Spring may not be here just yet, but I know it can’t be too far away. Why? Because the latest issue of the official Star Trek magazine has arrived, and it’s the “Spring 2012” issue! Since I got my copy in the mail, you can expect to see it in stores within the next week or so. I can sense your breathless anticipation coursing through the interwebs to me.
“Spies and Secret Missions” is the theme du jour this time around. What’s that? You say you want the rundown on what all fills this new issue to the bursting point with all sorts of Trekkie goodness? Well, all righty then. Here we go:
First, there’s the usual assortment of news pertaining to the production of the latest Star Trek film, as well as info on new products including a rundown of all the new Star Trek novels coming in 2012 from Pocket Books. There’s a fun update on the rediscovery of the long-lost and believed gone-forever shuttlecraft Galileo full-size prop from the original series.
A tribute to Charles Napier, popular character actor with a resume spanning more than forty years, who passed away back in October. Napier had guest turns in the original series episode “The Way to Eden” as well as Star Trek: Deep Space Nine‘s “Little Green Men.”
Calum Waddell has a new interview with Garak himself, Andrew Robinson.
I contribute a feature titled “Spy Trek,” which takes a look at all sorts of clandestine missions and secret agent shenanigans as carried out by various Trek characters across the various series. Carrying on with the issue’s theme, Brian J. Robb takes a detailed look at Section 31 in “The Spying Game.”
The “Star Trek 45s” series concludes in this issue, with looks back at the Voyager episode “Dragon’s Teeth,” and the Enterprise episodes “Fight of Flight,” “The Breach,” and “Divergence.”
An interesting article contributed by Mark Phillips examines what various newspapers and magazines were saying about the original Star Trek series back in the day.
Dr. Chris Dows returns with his regular “Treknology” column, and Larry Nemecek is back with his usual helping of “A Fistful of Data,” showcasing anecdotes and rare photos from Trek‘s long production history.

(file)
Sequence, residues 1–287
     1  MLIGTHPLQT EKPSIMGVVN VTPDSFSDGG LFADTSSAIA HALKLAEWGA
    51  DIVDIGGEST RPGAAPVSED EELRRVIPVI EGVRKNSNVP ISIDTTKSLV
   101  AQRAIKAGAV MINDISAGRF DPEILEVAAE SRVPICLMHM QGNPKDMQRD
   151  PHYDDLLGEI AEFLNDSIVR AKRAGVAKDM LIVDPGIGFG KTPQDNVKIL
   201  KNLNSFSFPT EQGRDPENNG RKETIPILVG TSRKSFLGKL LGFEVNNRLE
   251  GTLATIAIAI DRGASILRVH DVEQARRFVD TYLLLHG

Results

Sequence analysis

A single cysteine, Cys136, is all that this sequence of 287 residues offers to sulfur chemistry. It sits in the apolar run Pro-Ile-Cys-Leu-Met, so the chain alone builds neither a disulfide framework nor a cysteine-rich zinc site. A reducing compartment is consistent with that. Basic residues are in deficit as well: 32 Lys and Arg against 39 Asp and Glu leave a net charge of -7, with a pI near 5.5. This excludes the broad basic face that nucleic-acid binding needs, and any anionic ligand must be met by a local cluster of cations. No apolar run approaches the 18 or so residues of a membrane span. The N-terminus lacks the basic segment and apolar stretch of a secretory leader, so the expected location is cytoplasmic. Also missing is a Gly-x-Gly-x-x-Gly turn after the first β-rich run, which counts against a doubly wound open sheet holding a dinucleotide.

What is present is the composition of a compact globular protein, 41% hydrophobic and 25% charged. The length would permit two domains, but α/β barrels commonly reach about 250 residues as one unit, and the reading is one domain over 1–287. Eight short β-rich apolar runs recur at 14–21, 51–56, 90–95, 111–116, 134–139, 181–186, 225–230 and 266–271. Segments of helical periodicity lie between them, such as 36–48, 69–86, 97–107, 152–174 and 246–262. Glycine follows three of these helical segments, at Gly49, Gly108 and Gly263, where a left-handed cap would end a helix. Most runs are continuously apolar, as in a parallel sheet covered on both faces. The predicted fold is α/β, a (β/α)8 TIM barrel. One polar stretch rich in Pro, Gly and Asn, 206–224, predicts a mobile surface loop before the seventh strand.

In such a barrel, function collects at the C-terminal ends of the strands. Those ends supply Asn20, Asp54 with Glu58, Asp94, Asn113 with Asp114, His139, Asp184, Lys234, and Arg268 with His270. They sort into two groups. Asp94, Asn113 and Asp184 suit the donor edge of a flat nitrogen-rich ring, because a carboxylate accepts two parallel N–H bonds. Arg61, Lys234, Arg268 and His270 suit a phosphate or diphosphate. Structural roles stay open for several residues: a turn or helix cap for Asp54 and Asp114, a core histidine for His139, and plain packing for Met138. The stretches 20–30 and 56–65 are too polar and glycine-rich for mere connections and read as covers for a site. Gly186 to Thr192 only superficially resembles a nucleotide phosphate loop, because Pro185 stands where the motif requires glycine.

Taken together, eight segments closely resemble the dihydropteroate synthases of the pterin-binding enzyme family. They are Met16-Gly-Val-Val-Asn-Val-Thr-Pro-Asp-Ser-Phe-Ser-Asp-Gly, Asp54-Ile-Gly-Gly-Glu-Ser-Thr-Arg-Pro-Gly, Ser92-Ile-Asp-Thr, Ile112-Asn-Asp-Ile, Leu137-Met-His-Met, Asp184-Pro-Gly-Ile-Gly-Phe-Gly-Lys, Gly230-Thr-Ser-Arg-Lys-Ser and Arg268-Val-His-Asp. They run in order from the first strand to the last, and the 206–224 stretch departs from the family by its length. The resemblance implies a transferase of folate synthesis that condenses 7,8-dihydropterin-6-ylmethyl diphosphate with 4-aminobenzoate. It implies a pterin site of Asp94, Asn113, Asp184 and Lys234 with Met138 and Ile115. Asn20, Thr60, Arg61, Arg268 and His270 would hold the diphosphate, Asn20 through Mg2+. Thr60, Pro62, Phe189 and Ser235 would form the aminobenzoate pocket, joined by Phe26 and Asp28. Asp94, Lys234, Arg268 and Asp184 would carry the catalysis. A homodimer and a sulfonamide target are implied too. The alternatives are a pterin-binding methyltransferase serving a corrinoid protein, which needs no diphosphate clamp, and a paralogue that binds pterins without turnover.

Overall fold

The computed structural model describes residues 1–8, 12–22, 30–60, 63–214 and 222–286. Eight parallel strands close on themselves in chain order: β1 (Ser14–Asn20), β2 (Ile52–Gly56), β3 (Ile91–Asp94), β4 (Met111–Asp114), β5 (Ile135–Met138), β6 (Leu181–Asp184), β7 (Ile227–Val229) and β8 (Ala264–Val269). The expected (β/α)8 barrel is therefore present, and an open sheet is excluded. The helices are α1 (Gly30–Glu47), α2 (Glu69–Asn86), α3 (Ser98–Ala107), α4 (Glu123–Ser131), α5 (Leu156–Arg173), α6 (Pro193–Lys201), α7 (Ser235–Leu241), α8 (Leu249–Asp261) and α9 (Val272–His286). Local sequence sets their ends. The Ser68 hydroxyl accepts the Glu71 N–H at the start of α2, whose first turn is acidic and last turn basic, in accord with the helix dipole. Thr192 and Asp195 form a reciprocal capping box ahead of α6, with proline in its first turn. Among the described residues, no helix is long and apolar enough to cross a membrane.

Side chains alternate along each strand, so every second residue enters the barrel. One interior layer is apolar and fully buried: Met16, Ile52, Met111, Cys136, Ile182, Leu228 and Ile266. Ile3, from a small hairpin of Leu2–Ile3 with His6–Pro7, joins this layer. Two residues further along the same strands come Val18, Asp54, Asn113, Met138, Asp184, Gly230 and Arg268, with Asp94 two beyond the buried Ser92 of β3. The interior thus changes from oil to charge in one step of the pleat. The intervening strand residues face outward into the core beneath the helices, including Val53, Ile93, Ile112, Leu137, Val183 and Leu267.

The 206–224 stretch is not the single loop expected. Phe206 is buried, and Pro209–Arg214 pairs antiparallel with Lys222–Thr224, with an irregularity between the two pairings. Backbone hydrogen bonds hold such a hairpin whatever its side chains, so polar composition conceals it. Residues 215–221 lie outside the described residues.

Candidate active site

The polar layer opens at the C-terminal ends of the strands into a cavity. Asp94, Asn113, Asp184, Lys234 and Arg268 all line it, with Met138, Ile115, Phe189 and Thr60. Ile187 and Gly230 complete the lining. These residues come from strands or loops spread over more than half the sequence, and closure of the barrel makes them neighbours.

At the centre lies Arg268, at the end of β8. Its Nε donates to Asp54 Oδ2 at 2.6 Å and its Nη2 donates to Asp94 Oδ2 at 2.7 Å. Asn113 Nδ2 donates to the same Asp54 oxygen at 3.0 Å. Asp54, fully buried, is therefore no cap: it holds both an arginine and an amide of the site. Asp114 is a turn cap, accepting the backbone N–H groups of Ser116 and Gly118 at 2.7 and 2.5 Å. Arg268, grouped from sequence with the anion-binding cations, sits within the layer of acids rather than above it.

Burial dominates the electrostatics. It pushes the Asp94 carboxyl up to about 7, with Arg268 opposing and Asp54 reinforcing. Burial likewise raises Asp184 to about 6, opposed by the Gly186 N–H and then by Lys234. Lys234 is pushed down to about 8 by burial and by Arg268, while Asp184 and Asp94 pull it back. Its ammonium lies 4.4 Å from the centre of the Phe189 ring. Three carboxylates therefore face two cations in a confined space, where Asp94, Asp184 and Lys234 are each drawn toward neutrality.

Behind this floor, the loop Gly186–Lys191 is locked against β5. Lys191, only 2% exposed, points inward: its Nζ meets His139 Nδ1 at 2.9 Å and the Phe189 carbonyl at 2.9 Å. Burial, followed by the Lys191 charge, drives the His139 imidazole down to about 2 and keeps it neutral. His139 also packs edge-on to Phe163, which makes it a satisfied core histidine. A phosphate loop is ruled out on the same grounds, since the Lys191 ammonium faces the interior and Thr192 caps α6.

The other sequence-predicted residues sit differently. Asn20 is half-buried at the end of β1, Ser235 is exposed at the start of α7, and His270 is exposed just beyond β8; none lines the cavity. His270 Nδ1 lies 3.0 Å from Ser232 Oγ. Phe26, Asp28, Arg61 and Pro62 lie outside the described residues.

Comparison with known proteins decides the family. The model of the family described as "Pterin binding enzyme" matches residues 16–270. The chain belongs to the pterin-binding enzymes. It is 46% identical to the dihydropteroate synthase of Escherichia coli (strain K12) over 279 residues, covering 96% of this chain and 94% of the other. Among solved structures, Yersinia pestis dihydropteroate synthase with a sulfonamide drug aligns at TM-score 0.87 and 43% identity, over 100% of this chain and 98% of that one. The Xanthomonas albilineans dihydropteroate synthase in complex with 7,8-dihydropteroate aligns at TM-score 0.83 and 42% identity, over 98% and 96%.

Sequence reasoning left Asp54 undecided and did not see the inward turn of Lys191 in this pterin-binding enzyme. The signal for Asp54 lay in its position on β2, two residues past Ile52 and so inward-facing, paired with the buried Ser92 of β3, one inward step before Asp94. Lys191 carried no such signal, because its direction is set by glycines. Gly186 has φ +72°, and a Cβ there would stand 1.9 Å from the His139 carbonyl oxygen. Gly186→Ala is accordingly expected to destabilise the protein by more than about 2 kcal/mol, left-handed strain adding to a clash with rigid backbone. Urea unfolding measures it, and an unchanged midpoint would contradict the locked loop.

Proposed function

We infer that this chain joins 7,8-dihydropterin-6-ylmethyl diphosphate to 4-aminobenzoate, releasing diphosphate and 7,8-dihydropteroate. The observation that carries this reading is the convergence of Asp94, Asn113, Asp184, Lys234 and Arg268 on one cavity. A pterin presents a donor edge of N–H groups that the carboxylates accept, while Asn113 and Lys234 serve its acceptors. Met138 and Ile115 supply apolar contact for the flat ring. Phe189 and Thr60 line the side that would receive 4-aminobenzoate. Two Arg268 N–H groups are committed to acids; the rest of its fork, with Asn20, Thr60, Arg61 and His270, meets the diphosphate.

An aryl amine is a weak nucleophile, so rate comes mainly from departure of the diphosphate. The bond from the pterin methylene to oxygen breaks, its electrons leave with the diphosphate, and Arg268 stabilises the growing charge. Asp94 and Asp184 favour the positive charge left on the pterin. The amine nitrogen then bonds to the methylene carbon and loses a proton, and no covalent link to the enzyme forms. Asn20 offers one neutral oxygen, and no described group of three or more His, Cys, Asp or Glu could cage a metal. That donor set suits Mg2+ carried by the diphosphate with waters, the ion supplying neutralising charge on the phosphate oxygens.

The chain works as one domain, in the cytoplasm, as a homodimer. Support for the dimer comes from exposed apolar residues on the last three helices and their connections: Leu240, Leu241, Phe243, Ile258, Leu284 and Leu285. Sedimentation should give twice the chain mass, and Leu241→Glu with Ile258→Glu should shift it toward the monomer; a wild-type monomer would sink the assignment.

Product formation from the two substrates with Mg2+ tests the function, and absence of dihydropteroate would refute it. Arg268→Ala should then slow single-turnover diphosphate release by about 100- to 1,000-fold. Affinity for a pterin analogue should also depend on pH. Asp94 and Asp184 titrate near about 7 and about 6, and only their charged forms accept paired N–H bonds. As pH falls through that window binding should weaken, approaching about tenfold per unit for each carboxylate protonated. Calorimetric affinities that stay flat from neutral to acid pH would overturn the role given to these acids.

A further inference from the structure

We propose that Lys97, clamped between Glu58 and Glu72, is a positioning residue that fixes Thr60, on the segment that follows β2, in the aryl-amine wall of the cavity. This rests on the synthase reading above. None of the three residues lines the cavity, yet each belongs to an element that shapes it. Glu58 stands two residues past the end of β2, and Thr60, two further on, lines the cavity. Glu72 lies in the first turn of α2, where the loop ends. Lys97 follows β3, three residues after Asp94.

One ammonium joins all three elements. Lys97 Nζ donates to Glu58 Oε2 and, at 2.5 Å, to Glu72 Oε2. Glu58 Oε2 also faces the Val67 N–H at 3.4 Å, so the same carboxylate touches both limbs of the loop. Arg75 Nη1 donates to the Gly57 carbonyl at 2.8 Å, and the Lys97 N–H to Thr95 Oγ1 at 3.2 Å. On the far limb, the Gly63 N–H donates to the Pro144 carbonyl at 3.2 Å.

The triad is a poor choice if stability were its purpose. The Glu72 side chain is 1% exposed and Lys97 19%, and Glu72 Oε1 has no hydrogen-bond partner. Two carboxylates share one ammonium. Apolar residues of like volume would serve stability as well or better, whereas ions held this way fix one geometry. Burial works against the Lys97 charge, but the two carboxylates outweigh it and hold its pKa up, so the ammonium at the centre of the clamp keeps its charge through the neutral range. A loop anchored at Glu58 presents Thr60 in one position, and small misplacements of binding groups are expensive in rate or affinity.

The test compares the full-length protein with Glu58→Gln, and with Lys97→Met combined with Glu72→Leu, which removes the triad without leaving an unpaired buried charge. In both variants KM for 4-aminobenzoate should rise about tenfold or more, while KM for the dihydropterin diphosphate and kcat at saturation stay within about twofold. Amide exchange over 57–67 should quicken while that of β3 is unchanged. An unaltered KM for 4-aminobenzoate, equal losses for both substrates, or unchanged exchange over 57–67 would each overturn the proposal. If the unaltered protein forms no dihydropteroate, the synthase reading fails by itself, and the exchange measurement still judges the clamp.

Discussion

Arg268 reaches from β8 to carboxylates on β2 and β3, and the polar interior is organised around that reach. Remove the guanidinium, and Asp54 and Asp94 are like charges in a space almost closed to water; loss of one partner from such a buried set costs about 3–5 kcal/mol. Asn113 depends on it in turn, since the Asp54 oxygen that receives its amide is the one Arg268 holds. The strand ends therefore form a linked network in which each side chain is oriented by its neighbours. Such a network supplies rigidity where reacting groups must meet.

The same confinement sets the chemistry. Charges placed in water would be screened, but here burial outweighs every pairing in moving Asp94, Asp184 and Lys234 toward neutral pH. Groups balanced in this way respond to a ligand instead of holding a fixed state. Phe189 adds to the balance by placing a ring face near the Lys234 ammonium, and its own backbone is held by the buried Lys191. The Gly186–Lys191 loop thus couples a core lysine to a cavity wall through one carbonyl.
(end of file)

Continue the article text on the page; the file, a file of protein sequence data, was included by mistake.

Another set of articles takes a look at the final episodes of each of the Star Trek series. I supply a quick-hit retrospective of the last original series episode, and the other series are ably covered by Kirsten Beyer, Keith R.A DeCandido, Kevin Dilmore, David Mack, Marco Palmieri, Scott Pearson, and Bernie Watson.
The world of Trek fiction gets its usual love, in the form of an exclusive excerpt from the latest novel, The Rings of Time by Greg Cox. There also are reviews of recent novels and comics from IDW.
And there you go.
This issue is the last to be edited by Paul Simpson. Paul first approached me and Kevin to write for the magazine back in 2006, and since then–working together or solo–we’ve contributed nearly forty articles covering a wide range of topics. Two in particular–the Captain Proton retrospective and episode guide, and our “updates” to the fan-favorite Spaceflight Chronology reference book–rank among some of the most fun things I’ve ever written. Paul has always been open to ideas, honest and deliberate with editorial direction, and respectful of the writers in his charge. It was a pleasure to work with him on Star Trek, and I hope we can work together again sometime soon.
But, for now? Head on out and get yourself a copy or two of this new issue, whydontcha?